Rise of the Ronin final preview — Sharp and deadly

Rise of the Ronin is Team Ninja firing on all cylinders. It’s equal parts adventure, blisteringly-difficult combat timing, storytelling, and a dash of RPG for taste, culminating in a title that’s as challenging as it is rewarding. Ahead of our full review for the game I’ve got a quick taste of what lies ahead for the “get good” crowd.

While I once wore out controllers on the likes of other Team Ninja games like Ninja Gaiden Black, and more recently, like Nioh 1 and 2, a game has to hit just right for it to click. The right combination of timing, tight and fast combat, and gear can make you feel like a complete badass when you finally master a parry to take down that rough boss, or unleash a flurry of ninjutsu on a stumbled opponent. Let’s dig into why the Souls-like crowd is going to eat this game up.

Rise of the Ronin - Gameplay Overview | PS5 Games

The story of Rise of the Ronin is one of two orphans, though it’s up to you in the robust character creator to decide whether that’s a pair of sisters, a pair of brothers, a mixed pair, or two people who are absolutely not related. Their village was burned to the ground by a ninja clan, leaving them orphaned. Before they too could be killed they are rescued by a rebel master of a group called Veiled Edge who pulls them under her wing to train them as “Blade Twins”.

Rise of the Ronin takes place during Bakumatsu – the 14 years between when the Tokugawa shogunate ended and the rise of the Meiji government (1868 – 1912) that would ultimately end the reign of the samurai. This is an incredibly tumultuous time as some want to close off the country from foreign influence while others want to invite in other countries like the United States to learn their military tactics and to acquire their weapons. Just following the Sakoku period (1868), Japan re-opened, bringing in western Black Ships carrying soldiers hired to train the Japanese military and supply them with arms. Not everyone is pleased with the outside influence, and as these ships arrive on the shores of Japan, the Veiled Edge are dispatched to remove that perceived threat.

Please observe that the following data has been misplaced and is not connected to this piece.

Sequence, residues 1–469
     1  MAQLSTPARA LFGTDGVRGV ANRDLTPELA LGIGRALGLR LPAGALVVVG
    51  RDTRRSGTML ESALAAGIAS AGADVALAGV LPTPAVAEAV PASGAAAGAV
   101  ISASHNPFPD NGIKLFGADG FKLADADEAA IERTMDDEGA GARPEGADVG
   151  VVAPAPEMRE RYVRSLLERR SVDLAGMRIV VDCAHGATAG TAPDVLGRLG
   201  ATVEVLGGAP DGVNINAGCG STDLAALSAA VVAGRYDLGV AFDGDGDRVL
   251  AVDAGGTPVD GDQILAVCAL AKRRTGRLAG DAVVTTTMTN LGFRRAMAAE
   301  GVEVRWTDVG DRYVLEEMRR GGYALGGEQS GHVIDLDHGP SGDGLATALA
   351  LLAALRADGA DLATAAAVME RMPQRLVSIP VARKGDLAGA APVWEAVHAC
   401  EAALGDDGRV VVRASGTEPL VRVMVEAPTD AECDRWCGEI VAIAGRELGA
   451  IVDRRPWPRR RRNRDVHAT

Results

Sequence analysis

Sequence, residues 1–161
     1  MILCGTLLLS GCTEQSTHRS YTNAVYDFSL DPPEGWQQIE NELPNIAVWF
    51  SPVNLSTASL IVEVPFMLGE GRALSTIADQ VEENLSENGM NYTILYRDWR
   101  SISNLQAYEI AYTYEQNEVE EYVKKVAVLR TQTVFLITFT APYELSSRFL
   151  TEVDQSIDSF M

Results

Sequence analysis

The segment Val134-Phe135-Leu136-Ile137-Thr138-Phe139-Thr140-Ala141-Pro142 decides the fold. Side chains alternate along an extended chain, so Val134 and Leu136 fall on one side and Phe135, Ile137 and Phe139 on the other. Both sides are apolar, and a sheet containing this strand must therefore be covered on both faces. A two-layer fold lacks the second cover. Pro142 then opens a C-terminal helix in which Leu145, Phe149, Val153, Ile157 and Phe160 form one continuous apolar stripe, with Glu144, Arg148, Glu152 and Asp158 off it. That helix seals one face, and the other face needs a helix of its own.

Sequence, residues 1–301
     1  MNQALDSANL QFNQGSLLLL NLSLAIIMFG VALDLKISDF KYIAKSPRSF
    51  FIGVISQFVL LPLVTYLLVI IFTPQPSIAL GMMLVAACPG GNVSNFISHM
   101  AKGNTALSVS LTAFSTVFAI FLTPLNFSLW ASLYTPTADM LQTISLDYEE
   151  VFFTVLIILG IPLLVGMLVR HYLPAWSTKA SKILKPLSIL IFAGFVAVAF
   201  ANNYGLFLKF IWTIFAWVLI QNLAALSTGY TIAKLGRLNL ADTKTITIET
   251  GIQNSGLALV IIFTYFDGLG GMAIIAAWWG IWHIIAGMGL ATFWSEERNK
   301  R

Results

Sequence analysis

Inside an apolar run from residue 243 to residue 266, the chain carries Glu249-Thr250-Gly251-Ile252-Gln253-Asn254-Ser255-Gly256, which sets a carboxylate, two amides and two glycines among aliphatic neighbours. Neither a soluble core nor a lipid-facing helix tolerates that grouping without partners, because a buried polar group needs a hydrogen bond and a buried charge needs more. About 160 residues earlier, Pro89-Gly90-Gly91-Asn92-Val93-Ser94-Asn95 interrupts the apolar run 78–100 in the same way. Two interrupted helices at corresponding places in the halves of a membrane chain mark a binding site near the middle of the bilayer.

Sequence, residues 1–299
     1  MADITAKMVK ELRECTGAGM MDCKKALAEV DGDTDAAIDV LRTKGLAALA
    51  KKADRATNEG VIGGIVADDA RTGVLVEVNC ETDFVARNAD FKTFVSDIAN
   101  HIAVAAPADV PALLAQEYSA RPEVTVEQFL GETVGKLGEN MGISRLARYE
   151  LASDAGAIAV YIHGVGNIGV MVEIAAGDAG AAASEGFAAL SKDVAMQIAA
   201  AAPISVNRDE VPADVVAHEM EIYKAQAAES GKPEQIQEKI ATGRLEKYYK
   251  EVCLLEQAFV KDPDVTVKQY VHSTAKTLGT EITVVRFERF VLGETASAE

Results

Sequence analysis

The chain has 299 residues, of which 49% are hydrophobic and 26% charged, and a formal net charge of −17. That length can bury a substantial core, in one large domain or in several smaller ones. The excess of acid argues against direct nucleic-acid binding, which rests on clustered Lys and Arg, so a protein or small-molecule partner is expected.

From the word hajime, Rise of the Ronin is downright demanding. Once you create your characters, you’ll be asked to choose your backstory. In the backstory is a bit about how your character was raised, but also how they were trained. This ultimately assigns your weapon expertise, though the game doesn’t restrict you to this choice. In the beginning you’ll pick between a polearm, ōdachi (the Japanese long sword), a katana, paired wakizashi and katana, or spear. Once you select two, you’ll finish up a bit more training on dummies before almost immediately facing your master. It’s here that you get your first real taste of the ebb and flow of combat that’ll guide your hand from this time forward.

Rise of the Ronin is a game of flow. The interplay between blocking, counter-striking, attacking, distance, timing, and dodging are all fueled by your Ki pool – effectively a stamina meter. Your foes also have a Ki pool, and the push and pull between you and your foe is your key to combat. Depleting yours will leave you unable to defend yourself or dodge incoming attacks, and pressing your foe till their Ki pool is depleted allows you an opportunity to press the attack. Merely blocking will alleviate damage, but will also rapidly reduce your Ki. Instead, you should work to master the counterattack. Timing it correctly might deflect a foe’s sword upwards while cutting their Ki in half. Doing so multiple times may stumble them or cause them to drop their guard completely. It’s here where you’ll unleash your most devastating weapon – your martial discipline.

When a foe is staggered, you can unleash a special attack during a very short window. This will have you rapidly striking your enemy, permanently chopping down their maximum Ki. While their Ki will rapidly refill when not being pressed, it’s only to the remaining pool you’ve not whittled down. Facing the first real boss, a real-world American Navy Captain named Matthew Calbraith Perry, you’ll see this system in its full form. Mastery of weapon timing combined with the ability to adapt to the attacks of the enemy are hardly new concepts to the genre, but the variety of weapons and attacks makes Ronin feel unique among its peers. The other method is in its RPG elements.